Batu Puteh goes to Singapore - Malaysiakini
May 23, 08 5:54pm
The International Court of Justice has decided in favour of Singapore in a 28-year sovereignty dispute with Malaysia over Pulau Batu Puteh - a tiny but strategic uninhabited island the size of half a football field.
The 16-member panel handed a 12 to 4 judgment against Malaysia which had claimed ownership of the island which sits at the entrance of the heavily- used Singapore Strait.
"The court by 12 votes to four, finds that sovereignty over Pedra Branca/Pulau Batu Puteh belongs to the Republic of Singapore," said presiding judge Awn Shawkat Al-Khasawneh at the end of his two-hour oral judgment.The granite island is considered important for its strategic position and impact on territorial marine boundaries. It lies 7.7 nautical miles off Johor on the eastern approach to the Singapore Strait from the South China Sea [see map below].
However, the 16-member panel in a 15 to 1 decision said Malaysia has sovereignty over one of the island's two rocky outcrops - Middle Rocks, which lies south of Pulau Batu Puteh.
On the other outcrop named South Ledge, the court handed a 15 to 1 judgment stating that it belonged to "the state in the territorial waters of which it is located".
The court however did not specify whether the territorial waters mentioned were Malaysia's or Singapore's.
Singapore operates lighthouse for 130 years
Malaysia claimed original title to Pulau Batu Puteh (left), while Singapore, which knows the islet as Pedra Branca argued that sovereignty had passed to it tacitly, having operated the Horsburgh Lighthouse on the island for more than 130 years without any protest from its neighbour.
The court found that the Malaysian sultanate-turned-province of Johor had held the original title but had taken "no action at all" regarding the island for more than a century."The court concludes ... that by 1980 sovereignty over Pedra Branca/Pulau Batu Puteh had passed to Singapore," Al-Khasawneh said.
The dispute over Pulau Batu Puteh came to the fore when Singapore protested in 1980 against a new Malaysian map of its maritime boundaries which claimed the islet for itself.Years of bilateral talks failed to resolve the matter and the parties agreed to seek the intervention of the United Nations' highest court.
Inconclusive decision over South Ledge
As for Middle Rocks (left), the court said the circumstances involving this piece of rock are different from Pulau Batu Puteh.
"It therefore finds that original title to Middle Rocks should remain with Malaysia as the successor to the Sultanate of Johor," ruled the court.
But South Ledge (right), a small rock visible only at low tide, would now fall "within the apparently overlapping territorial waters generated by the mainland of Malaysia, Pedra Branca/Pulau Batu Puteh, and Middle Rocks," said the judges.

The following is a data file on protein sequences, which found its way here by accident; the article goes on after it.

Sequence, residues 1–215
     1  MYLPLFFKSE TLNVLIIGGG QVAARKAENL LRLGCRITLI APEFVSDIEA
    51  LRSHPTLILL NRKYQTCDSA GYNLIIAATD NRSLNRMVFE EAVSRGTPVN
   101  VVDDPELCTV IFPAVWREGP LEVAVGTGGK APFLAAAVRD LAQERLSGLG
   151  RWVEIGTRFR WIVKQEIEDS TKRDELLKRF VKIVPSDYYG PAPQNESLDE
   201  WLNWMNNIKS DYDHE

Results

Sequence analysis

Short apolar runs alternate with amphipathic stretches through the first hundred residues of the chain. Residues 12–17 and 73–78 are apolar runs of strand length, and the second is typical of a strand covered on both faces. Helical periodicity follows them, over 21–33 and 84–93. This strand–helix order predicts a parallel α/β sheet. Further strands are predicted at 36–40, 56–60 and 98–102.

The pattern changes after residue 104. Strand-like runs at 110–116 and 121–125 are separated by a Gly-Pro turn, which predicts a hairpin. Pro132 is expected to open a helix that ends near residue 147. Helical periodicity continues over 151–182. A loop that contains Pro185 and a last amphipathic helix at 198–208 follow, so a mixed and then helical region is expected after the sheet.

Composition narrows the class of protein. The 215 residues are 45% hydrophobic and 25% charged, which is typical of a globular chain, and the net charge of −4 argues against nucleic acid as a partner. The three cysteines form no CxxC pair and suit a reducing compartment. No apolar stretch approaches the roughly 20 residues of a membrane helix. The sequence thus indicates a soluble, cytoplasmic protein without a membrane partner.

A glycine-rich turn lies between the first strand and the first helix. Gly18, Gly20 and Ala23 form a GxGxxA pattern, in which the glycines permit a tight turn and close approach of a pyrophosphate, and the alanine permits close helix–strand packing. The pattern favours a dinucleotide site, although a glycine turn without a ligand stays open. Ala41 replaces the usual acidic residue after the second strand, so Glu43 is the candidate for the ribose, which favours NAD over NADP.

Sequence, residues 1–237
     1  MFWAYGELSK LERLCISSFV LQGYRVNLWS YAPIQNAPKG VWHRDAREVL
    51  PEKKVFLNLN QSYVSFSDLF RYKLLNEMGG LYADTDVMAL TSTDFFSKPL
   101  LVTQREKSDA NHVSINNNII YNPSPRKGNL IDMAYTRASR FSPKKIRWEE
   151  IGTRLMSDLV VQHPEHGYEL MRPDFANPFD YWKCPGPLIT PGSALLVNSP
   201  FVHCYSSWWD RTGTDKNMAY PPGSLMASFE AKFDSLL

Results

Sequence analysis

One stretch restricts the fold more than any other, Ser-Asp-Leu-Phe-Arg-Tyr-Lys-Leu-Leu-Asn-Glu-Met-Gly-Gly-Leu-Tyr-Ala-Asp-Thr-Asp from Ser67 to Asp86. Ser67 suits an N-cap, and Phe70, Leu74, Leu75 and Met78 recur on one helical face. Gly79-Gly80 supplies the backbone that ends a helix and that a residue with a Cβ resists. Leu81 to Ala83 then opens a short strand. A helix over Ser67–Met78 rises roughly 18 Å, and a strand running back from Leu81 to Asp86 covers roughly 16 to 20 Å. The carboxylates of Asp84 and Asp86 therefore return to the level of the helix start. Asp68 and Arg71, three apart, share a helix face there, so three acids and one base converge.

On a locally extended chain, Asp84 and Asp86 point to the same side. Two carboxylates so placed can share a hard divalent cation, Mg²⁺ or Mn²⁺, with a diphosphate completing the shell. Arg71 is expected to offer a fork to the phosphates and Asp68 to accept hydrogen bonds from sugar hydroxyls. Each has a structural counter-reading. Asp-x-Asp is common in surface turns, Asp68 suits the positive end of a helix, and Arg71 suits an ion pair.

"... the court has not been mandated by the parties to draw the line of delimitation with respect to the territorial waters of Malaysia and Singapore in the area in question."Recalling that it has not been mandated by the parties to draw the line of delimitation with respect to their territorial waters in the area, the court concludes that sovereignty over South Ledge belongs to the state in the territorial waters of which it is located," said Al-Khasawneh.
Rais: Win-win for both countries
Both countries have said today's ruling would not affect relations.
On a website dedicated to the island dispute, the Malaysian government claims the original title.
"Pulau Batu Puteh is, and has always been, part of the Malaysian State of Johor," it says. "Nothing has happened to displace Malaysia's sovereignty over it.
Singapore says its economic well-being depends on its status as a major port of call, which in turn relies on the smooth flow of maritime traffic through the Singapore Strait.In an immediate reaction, Foreign Minister Rais Yatim, who was in court when the judgment was delivered in The Hague, said that it was a "win-win situation" for both nations.
Both countries welcomed the ruling, with Malaysia describing its title over Middle Rocks as a victory.
"We said we would create a special commission to implement the ICJ ruling, perhaps it could also establish the status of South Ledge," said Rais.
"I want to say the status of all three rocks will remain as it is now."
Singapore 'very pleased' with outcome
In its argument to the court, Malaysia had claimed original title to Pulau Batu Puteh, contending that "Singapore's presence on the island for the sole purpose of constructing and maintaining a lighthouse there ... is insufficient to vest sovereignty in it."
Singapore had argued that while still under the British rule, it took lawful possession of Pedra Branca from the mid-19th century when construction of the lighthouse started.
Singapore's Deputy Prime Minister S Jayakumar said today his country was "very pleased" with the outcome.
"Singapore wanted the sovereignty over Pedra Branca and obtained it. Of course, we would be happier if we had had all three islands but what is very important is that the dispute is now resolved."
Bilateral ties have often been tense since Singapore left the Malaysian Federation over ethnic issues in 1965.
As the highest judicial organ of the United Nations, The Hague-based ICJ settles differences between member states. Its rulings are final and without appeal but the court has no means of enforcing them.